It's not just for students anymore....

Follow me while I follow my husband to the Midwest and try to navigate the "Partner" world at one of US News and World Report's Top 5 MBA Programs in the country.

Wednesday, March 31, 2010

It's a Dog's Life?

Lately, I’ve been thinking my husband is really living the good life! People are always saying dogs have the best lives, so I thought I would do a little comparison of Cam’s life vs. Henry’s life:

Guests: If someone knocks on the door, Henry has to run over and bark and protect us against stranger danger. Cam usually stays in his office and waits for me to answer it.

Recycling: Henry keeps a very close eye on the recycling. If anything new goes in the bin, he must run right over to “sort” it (the picture above is Henry diligently sorting our recycling). Cam waits until the recycling is overflowing and I “remind” him to take it out before he has anything to do with it.

Bathing: When it’s time for Henry to have a bath, we sneak up on him, run into the bathroom, lock the door, and put him directly under the showerhead. He has no idea what’s happening to him until it’s too late! We then turn him into a drowned rat before turning the dreaded hair dryer on him. Cam takes a shower every day of his own accord – and if he doesn’t, I certainly don’t toss him in the tub with no warning.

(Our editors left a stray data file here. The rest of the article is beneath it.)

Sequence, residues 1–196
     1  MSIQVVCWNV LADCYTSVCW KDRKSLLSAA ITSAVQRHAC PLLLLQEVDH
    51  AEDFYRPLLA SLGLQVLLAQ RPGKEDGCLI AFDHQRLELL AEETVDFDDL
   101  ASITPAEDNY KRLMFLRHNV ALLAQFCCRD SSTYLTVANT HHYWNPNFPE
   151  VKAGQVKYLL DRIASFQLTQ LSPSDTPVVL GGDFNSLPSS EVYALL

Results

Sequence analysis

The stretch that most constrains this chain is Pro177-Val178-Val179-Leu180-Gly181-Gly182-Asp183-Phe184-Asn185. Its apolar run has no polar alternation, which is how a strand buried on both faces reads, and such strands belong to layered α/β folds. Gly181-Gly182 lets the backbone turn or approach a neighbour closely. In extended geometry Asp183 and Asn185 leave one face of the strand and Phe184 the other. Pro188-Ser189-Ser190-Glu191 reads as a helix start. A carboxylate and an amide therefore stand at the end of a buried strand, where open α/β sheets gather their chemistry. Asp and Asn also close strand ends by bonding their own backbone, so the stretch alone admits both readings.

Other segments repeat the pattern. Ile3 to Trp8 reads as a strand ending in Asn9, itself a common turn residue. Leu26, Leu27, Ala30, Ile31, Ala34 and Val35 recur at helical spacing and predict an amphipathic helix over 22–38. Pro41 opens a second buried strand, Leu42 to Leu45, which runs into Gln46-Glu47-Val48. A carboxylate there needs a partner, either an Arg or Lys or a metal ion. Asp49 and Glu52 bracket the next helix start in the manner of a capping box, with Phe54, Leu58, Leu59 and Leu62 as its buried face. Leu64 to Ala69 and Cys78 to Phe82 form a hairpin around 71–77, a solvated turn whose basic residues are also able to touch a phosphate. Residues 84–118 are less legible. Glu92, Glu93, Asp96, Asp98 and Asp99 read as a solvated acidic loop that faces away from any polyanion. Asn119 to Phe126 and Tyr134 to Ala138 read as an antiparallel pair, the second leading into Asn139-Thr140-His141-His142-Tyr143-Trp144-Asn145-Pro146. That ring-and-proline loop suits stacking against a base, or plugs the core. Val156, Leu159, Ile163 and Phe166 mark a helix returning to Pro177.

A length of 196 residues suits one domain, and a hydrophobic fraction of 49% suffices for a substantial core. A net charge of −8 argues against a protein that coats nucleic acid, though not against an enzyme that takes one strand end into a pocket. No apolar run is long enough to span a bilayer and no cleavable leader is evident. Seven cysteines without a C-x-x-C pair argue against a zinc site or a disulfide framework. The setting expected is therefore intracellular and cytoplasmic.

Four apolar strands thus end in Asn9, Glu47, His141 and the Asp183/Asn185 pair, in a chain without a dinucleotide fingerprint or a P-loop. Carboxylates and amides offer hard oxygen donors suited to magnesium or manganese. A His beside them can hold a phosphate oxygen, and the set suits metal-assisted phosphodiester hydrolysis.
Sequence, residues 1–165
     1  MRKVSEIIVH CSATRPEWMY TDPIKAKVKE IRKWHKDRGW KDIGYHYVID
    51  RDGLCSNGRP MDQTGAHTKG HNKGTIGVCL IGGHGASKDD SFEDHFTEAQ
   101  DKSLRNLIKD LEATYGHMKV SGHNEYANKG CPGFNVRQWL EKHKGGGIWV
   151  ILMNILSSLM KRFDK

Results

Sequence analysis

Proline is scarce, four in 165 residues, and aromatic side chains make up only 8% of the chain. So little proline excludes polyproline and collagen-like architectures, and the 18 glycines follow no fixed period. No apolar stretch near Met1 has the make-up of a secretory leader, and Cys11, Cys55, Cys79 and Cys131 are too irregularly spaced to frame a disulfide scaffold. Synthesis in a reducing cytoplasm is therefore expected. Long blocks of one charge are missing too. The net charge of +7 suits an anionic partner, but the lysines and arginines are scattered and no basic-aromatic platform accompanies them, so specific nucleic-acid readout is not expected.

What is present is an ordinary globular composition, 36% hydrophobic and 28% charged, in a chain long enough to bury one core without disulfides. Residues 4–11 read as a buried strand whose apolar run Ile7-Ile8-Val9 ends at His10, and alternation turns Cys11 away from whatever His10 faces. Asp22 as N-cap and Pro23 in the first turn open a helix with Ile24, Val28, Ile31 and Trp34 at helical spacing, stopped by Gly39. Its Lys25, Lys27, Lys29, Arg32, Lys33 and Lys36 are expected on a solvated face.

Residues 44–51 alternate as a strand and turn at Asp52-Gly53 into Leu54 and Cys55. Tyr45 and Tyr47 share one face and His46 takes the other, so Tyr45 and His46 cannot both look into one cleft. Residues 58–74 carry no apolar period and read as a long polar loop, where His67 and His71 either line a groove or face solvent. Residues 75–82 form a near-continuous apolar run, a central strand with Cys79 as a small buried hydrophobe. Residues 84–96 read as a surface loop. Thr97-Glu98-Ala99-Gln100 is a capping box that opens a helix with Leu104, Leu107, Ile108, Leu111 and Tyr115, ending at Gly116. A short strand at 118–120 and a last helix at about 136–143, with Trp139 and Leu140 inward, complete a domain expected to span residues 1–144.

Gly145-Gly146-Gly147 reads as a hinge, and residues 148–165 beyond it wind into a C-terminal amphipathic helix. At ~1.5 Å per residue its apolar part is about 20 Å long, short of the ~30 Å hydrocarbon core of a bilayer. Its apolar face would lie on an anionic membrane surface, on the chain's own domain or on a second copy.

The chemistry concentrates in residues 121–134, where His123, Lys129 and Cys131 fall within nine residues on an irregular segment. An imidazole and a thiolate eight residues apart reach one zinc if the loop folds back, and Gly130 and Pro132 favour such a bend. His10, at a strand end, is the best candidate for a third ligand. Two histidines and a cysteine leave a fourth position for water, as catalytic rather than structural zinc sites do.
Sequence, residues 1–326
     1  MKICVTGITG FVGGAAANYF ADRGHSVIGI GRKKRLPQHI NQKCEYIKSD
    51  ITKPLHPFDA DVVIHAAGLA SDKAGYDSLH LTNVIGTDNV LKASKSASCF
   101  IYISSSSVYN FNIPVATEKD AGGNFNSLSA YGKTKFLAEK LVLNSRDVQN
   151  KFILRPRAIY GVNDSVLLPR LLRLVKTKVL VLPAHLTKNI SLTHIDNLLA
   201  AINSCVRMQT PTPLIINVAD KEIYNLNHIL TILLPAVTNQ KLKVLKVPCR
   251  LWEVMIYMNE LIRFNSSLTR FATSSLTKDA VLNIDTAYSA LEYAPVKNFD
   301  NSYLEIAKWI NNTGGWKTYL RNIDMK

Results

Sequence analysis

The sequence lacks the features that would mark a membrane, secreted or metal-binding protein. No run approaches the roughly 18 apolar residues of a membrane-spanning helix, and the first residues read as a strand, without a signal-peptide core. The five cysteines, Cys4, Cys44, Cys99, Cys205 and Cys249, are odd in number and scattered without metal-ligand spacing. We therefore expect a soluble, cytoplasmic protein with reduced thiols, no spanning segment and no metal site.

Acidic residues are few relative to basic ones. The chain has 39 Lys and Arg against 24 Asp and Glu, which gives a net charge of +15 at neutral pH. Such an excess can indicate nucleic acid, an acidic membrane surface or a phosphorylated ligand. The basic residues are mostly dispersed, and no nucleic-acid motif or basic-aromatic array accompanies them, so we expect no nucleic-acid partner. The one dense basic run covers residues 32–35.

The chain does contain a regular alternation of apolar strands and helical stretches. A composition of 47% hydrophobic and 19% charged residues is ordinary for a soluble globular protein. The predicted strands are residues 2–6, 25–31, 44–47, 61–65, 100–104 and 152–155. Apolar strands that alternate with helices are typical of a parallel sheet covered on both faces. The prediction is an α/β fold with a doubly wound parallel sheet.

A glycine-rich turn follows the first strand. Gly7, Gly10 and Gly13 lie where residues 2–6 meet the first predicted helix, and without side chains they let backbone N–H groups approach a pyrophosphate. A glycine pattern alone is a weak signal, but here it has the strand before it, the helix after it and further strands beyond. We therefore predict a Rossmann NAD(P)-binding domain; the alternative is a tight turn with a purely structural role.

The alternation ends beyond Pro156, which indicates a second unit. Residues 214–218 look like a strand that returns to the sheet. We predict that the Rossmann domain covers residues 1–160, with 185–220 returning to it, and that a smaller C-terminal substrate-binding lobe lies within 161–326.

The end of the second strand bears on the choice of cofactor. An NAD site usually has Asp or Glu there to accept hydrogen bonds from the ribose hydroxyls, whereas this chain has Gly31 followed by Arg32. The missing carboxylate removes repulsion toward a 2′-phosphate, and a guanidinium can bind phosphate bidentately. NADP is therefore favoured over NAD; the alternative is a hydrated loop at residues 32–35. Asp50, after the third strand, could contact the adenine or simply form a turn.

Dishes: If I open the dishwasher to put in a dirty dish, Henry has to run RIGHT over to inspect that dish and help clean it off. Cam rarely opens the dishwasher.

Protection: When we take Henry outside or for a walk, he has to be constantly on guard making sure that no ne’er-do-wells sneak up on us and try to attack. He has to bark and lunge at them, trying his mightiest to protect us. When Cam goes outside, he is usually friendly towards these strangers and even tries to keep Henry from doing his duty – making Henry’s job even harder!

Food: We feed Henry 1/3 cup of food twice a day. He has to watch as we eat turkey, steak and chicken and hope that maybe we’ll give him some leftovers. Cam eats whatever he wants. I bake him brownies every week, and I certainly don’t moderate the amount he consumes…

Bathroom: If Henry needs to use the bathroom, he has to hope that we are going to take him out at the appropriate time. He can whine and pace near the door, but if we don’t see him, he’s out of luck! I won’t go into Cam’s bathroom time, but it’s certainly not limited.

Sleeping: Poor Henry tries to sleep all the time, but he looks so cute that we often just scoop him off the ground and wake him up. We can’t help it! He’s too cute! Now that Henry is older and sleeping through the night, Cam usually can sleep as long as he wants on the weekends. If Henry wants to get up, I, for some reason, am the one to get out of bed to be with him.

Work: Henry takes his stick chewing work very seriously. He collects many sticks from outside and brings them in to chew until they are mere toothpicks. Nothing can stop or distract him! Cam’s focus is certainly not as fixed. He will read his course packs but often stop to check out ESPN or He will go to class, but that is only 3-4 times a week.

Clearly, the life of a puppy is much more trying than the life of a student. “It’s a dog’s life?” Come on! Try, “It’s a B-school student’s life!”

Monday, March 29, 2010

"Live like a CEO when you're a student...."